The iterparse function builds an element tree with data from a file or a file-like object, but also lets you inspect the tree during the build process.
This is similar to parsing a file and then iterating over it with iter (or getiterator, in 1.2 and earlier), but the parsing and the iteration are done in parallel. This has several advantages; you can for example remove parts of the tree that you don’t need, stop parsing when you find what you’re looking for, or just gain a little performance by parsing XML from a remote site as it arrives over the wire.
For example, here’s an example that shows how to print all item links from an RSS 2.0 file:
And here’s a variant that prints the first title in the file:
for event, elem in ET.iterparse("blog.rss"): if elem.tag == "item": print repr(elem.findtext("link")) elem.clear() # won't need this again
By default, the iterator returns once for each end tag it sees in the input stream. To get for event, elem in iterparse(source, events=(“start”, “end”)): if event == “start”: … elem was just added to the tree … else: … elem is complete; process it …
for event, elem in ET.iterparse("blog.rss"): if elem.tag == "title": print repr(elem.text) break # we're done
The events option specify what events you want to see (available events in this release are “start”, “end”, “start-ns”, and “end-ns”, where the “ns” events are used to get detailed namespace information). If the option is omitted, only “end” events are returned.
Note: The tree builder and the event generator are not necessarily synchronized; the latter usually lags behind a bit. This means that when you get a “start”event for an element, the builder may already have filled that element with content. You cannot rely on this, though — a “start” event can only be used to inspect the attributes, not the element content. For more details, see this message.
Note that iterparse still builds a tree, just like parse, but you can safely rearrange or remove parts of the tree while parsing. For example, to parse large files, you can get rid of elements as soon as you’ve processed them:
for event, elem in iterparse(source): if elem.tag == "record": ... process record elements ... elem.clear()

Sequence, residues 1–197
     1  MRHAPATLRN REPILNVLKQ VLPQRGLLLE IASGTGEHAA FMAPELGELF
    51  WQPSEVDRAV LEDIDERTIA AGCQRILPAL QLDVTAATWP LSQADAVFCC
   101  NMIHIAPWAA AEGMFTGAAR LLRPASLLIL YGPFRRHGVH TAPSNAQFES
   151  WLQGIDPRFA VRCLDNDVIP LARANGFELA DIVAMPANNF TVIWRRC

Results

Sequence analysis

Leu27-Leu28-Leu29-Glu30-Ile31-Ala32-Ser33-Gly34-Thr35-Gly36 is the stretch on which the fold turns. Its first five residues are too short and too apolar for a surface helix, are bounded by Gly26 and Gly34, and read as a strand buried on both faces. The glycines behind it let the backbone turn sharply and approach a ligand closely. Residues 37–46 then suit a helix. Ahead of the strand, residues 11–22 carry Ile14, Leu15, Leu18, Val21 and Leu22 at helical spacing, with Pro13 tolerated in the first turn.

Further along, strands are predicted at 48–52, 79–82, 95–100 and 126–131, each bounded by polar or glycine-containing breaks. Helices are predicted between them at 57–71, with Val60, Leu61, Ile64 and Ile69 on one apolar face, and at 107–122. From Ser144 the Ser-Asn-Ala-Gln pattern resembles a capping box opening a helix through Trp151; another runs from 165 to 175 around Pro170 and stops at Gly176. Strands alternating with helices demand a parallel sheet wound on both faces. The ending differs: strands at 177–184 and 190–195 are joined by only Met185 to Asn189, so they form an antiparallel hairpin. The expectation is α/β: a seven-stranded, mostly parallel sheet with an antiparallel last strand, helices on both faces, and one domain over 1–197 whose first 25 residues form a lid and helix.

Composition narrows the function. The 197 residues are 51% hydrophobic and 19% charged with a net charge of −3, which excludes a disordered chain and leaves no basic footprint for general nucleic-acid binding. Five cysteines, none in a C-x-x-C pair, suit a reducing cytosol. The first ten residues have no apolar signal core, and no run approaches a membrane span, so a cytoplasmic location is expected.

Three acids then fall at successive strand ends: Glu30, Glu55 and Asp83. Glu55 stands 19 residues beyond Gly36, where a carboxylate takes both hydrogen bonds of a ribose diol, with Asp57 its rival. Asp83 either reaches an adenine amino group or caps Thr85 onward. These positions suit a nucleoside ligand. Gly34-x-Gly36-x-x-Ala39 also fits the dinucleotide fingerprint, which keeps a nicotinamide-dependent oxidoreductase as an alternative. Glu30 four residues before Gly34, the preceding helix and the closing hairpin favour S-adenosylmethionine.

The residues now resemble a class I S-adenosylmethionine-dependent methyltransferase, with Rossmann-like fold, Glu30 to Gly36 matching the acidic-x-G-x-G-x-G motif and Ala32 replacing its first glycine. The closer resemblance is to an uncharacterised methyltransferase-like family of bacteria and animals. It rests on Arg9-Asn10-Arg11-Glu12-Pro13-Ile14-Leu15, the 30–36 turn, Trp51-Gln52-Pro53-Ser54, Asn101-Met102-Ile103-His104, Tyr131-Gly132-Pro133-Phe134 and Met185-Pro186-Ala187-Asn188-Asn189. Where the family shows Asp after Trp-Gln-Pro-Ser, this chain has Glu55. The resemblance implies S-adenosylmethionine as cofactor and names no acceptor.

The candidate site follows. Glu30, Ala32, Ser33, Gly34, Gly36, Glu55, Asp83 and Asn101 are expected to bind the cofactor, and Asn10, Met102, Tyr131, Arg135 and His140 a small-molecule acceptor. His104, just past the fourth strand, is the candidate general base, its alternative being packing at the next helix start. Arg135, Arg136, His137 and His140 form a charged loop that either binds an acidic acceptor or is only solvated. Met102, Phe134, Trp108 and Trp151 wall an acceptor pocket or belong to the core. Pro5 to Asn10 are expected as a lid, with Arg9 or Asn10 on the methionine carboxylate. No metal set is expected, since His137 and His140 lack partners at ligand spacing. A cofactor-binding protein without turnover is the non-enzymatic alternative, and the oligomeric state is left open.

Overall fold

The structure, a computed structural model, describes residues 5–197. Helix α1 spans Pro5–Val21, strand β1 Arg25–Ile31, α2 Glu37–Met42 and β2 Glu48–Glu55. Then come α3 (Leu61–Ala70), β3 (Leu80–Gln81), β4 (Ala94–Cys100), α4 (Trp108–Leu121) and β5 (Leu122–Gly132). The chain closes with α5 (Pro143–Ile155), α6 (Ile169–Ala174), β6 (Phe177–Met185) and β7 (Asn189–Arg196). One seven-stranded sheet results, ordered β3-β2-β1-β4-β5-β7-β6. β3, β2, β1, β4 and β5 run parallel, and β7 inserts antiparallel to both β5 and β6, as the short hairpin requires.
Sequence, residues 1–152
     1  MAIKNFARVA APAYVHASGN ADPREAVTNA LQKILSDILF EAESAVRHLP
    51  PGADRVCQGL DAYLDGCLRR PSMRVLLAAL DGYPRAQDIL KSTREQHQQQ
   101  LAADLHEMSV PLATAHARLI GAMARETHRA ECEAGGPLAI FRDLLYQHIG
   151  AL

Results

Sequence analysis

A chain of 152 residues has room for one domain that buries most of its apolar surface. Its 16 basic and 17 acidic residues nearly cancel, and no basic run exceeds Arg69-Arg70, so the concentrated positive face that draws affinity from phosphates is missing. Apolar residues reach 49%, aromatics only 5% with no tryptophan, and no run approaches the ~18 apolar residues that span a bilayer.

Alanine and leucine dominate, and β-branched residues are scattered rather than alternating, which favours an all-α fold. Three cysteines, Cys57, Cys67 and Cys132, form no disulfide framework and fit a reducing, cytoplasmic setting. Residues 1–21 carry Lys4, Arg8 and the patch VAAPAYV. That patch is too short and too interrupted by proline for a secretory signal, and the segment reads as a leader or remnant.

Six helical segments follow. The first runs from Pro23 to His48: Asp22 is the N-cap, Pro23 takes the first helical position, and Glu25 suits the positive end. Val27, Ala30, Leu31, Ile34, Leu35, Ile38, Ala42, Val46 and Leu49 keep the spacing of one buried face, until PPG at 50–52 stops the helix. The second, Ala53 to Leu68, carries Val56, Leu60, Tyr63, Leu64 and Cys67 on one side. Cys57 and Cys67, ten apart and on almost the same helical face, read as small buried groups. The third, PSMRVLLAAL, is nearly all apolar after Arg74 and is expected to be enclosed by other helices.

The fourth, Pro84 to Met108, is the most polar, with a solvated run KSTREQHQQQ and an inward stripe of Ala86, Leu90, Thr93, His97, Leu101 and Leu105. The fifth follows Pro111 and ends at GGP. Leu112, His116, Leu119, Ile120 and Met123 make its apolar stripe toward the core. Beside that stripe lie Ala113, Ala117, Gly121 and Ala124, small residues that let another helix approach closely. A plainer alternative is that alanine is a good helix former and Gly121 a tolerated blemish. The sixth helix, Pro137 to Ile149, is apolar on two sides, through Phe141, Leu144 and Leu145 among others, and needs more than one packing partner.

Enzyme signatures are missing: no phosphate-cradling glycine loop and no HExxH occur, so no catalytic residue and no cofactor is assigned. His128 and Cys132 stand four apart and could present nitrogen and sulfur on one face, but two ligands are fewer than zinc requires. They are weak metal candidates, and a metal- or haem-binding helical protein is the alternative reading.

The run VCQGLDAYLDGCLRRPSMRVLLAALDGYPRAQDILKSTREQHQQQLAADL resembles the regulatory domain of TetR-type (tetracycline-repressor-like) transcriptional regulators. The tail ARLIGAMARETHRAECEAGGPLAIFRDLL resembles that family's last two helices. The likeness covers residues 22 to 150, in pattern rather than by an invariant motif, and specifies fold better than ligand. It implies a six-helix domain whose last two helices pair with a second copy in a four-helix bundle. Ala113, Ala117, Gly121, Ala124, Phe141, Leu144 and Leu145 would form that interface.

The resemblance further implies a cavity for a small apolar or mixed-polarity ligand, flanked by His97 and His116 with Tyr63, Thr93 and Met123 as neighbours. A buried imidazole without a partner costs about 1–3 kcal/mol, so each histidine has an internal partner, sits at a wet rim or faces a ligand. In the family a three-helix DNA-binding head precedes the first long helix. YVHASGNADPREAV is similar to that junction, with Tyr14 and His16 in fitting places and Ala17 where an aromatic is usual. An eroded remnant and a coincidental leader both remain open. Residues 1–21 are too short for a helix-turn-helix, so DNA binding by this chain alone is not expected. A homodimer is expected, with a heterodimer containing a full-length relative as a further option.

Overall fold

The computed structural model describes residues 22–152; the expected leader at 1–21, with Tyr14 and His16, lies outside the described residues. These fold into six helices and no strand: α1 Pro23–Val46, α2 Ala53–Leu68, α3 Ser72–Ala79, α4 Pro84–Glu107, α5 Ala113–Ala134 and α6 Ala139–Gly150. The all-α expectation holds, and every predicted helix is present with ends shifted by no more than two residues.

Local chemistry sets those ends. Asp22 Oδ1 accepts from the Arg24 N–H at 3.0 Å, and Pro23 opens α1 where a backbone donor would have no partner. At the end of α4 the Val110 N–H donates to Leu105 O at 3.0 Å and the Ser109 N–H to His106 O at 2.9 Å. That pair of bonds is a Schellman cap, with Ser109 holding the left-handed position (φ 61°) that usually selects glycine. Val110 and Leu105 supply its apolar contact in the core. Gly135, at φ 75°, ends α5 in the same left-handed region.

The above pattern has one drawback; it does not clear the root element, so you will end up with a single element with lots of empty child elements. If your files are huge, rather than just large, this might be a problem. To work around this, you need to get your hands on the root element. The easiest way to do this is to enable start events, and save a reference to the first element in a variable:
# get an iterable context = iterparse(source, events=("start", "end")) # turn it into an iterator context = iter(context) # get the root element event, root = context.next() for event, elem in context: if event == "end" and elem.tag == "record": ... process record elements ... root.clear()
(future releases will make it easier to access the root element from within the loop)
The namespace events contain information about namespace scopes in the source document. This can be used to keep track of active namespace prefixes, which are otherwise discarded by the parser. Here’s how you can emulate the namespaces attribute in the old FancyTreeBuilder class:
events = ("end", "start-ns", "end-ns") namespaces =  for event, elem in iterparse(source, events=events): if event == "start-ns": namespaces.insert(0, elem) elif event == "end-ns": namespaces.pop(0) else: ...
The namespaces variable in this example will contain a stack of (prefix, uri) tuples.
(Note how iterparse lets you replace instance variables with local variables. The code is not only easier to write, it is also a lot more efficient.)
For better performance, you can append and remove items at the right end of the list instead, and loop backwards when looking for prefix mappings.
events = ("end", "start-ns", "end-ns") namespaces =  for event, elem in iterparse(source, events=events): if event == "start-ns": namespaces.append(elem) elif event == "end-ns": namespaces.pop(-1) else: ...